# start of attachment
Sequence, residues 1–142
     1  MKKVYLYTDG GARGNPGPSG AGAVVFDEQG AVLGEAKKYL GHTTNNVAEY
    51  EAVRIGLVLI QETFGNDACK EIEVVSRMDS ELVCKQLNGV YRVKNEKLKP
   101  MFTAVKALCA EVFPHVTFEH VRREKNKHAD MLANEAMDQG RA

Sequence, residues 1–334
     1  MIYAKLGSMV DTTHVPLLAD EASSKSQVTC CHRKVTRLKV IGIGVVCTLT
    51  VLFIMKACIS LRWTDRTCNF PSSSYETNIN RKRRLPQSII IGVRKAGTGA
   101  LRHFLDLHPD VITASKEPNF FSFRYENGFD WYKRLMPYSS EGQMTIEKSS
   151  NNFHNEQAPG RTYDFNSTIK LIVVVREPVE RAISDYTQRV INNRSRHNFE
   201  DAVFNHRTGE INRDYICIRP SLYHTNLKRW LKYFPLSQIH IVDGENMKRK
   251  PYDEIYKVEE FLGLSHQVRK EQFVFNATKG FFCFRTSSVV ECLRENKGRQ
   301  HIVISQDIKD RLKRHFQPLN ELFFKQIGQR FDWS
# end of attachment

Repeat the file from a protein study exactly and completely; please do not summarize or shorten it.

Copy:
Sequence, residues 1–142
     1  MKKVYLYTDG GARGNPGPSG AGAVVFDEQG AVLGEAKKYL GHTTNNVAEY
    51  EAVRIGLVLI QETFGNDACK EIEVVSRMDS ELVCKQLNGV YRVKNEKLKP
   101  MFTAVKALCA EVFPHVTFEH VRREKNKHAD MLANEAMDQG RA

Sequence, residues 1–334
     1  MIYAKLGSMV DTTHVPLLAD EASSKSQVTC CHRKVTRLKV IGIGVVCTLT
    51  VLFIMKACIS LRWTDRTCNF PSSSYETNIN RKRRLPQSII IGVRKAGTGA
   101  LRHFLDLHPD VITASKEPNF FSFRYENGFD WYKRLMPYSS EGQMTIEKSS
   151  NNFHNEQAPG RTYDFNSTIK LIVVVREPVE RAISDYTQRV INNRSRHNFE
   201  DAVFNHRTGE INRDYICIRP SLYHTNLKRW LKYFPLSQIH IVDGENMKRK
   251  PYDEIYKVEE FLGLSHQVRK EQFVFNATKG FFCFRTSSVV ECLRENKGRQ
   301  HIVISQDIKD RLKRHFQPLN ELFFKQIGQR FDWS